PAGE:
NTJ - do not marry this man. He is enmeshed with his mother and she is extremely controlling. This is a preview of your life with him. He'll run to mommy for every decisions. And if you have kids with this man... just don't... you will find yourself relegated to the caregiver and grandma will be making all the decisions and her son will make you feel guilty if you don't do what she says.

Run now.... fast. And don't look back.

The wedding dress drama may be a blessing in disguise as it's a preview of your future life if you marry him.
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15. AITJ For Paying For My Stepdaughter?


“I (f) am a cheer coach for our local team.

I have been married to my husband for 5 years. He has a daughter with his ex and his daughter has decided she wanted to try cheerleading this year.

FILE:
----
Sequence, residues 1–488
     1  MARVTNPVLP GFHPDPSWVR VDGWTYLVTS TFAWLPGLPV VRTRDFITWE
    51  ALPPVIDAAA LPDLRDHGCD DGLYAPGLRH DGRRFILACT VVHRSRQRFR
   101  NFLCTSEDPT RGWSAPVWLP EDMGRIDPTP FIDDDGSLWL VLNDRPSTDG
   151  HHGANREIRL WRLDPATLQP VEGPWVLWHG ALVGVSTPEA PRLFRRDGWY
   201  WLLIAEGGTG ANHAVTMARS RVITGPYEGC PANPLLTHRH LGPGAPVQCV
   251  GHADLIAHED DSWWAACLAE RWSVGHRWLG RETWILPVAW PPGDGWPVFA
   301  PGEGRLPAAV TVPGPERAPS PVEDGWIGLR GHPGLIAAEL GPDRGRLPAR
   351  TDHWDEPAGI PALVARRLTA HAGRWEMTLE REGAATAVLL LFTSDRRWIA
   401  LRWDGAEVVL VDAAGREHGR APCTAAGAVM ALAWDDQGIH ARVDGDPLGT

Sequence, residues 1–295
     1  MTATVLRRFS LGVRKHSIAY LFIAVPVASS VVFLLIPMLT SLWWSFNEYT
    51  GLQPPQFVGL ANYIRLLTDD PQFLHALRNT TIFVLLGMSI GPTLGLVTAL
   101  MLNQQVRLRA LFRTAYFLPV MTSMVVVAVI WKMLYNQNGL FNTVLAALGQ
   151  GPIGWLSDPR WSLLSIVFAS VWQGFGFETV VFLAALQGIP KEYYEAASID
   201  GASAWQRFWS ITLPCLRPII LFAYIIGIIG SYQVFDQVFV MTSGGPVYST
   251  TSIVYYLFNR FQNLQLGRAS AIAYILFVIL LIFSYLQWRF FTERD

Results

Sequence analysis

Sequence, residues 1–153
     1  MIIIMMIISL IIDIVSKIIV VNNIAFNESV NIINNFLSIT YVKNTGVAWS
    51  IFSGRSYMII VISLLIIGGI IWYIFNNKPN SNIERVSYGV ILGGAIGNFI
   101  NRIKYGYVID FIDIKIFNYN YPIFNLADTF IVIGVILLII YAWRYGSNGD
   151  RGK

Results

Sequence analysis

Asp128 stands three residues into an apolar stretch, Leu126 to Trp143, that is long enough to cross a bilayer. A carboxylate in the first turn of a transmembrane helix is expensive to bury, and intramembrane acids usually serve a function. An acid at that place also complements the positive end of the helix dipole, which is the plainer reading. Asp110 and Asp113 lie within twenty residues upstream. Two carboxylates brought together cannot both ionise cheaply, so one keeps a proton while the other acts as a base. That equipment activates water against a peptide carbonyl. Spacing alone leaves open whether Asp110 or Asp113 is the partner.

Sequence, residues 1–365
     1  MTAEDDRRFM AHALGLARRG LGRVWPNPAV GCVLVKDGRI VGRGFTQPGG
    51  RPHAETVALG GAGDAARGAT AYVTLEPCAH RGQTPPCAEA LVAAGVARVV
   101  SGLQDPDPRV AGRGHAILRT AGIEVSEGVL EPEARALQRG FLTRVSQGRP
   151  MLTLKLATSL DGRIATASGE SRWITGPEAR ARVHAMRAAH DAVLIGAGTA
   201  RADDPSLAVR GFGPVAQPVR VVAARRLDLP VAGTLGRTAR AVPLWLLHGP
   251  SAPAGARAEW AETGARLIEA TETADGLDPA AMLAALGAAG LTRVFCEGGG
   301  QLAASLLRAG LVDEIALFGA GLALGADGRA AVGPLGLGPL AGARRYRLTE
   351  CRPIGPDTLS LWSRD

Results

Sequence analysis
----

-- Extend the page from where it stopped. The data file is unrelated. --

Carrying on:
Usually, I coach the older girls but this year I switched to the littles so I could coach her. The director let me know her mom hadn’t made a payment yet for her uniform/registration fees/and all the extras the girls get (the bag/bow/socks/etc.) I wrote a check and didn’t think anything of it.

If the payment wasn’t made that day then she’d be kicked off the team.

My husband asked me why I wrote out a check today.  I explained what happened and it caused a large argument between us.

He said I should have checked with him and that her mother was required to make that payment.

I explained I didn’t know and didn’t want her to get kicked off so I paid for it. My husband said I should have let his ex handle it so she’d learn to make the payment on time. He said that’s why he pays child support and that it is court-ordered she pay the extras since we pay for other things.

He’s now not speaking to me because his ex won’t give him any of the funds back saying what’s done is done.